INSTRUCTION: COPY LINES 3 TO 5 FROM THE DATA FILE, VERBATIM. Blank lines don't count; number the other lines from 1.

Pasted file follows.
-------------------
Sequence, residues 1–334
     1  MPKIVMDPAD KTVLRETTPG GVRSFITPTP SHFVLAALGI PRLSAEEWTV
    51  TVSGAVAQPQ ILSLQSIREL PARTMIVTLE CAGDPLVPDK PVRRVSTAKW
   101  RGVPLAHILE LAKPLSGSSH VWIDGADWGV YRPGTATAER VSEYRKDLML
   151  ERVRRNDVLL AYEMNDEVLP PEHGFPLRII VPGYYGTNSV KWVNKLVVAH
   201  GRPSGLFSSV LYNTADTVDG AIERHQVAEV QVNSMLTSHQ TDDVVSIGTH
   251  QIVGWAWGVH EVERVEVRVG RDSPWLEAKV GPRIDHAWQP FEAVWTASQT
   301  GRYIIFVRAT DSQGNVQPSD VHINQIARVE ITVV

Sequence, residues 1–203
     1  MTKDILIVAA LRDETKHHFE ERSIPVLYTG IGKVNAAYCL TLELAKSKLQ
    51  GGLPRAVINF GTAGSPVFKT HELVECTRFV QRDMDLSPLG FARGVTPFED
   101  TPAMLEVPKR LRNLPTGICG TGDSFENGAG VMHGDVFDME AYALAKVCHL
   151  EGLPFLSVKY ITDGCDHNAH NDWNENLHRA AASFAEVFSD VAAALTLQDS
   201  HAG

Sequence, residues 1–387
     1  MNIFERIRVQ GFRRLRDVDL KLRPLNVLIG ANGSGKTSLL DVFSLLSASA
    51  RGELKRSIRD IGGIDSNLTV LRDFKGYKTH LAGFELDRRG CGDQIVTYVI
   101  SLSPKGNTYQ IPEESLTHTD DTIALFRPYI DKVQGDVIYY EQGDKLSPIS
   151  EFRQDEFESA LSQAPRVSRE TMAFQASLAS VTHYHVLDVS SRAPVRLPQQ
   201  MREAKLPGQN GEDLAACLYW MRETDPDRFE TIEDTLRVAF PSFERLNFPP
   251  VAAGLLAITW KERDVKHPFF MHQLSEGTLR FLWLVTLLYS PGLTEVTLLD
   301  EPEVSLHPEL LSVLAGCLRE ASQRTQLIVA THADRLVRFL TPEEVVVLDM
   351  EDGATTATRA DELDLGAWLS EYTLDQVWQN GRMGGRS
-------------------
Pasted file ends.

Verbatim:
    51  TVSGAVAQPQ ILSLQSIREL PARTMIVTLE CAGDPLVPDK PVRRVSTAKW
   101  RGVPLAHILE LAKPLSGSSH VWIDGADWGV YRPGTATAER VSEYRKDLML
   151  ERVRRNDVLL AYEMNDEVLP PEHGFPLRII VPGYYGTNSV KWVNKLVVAH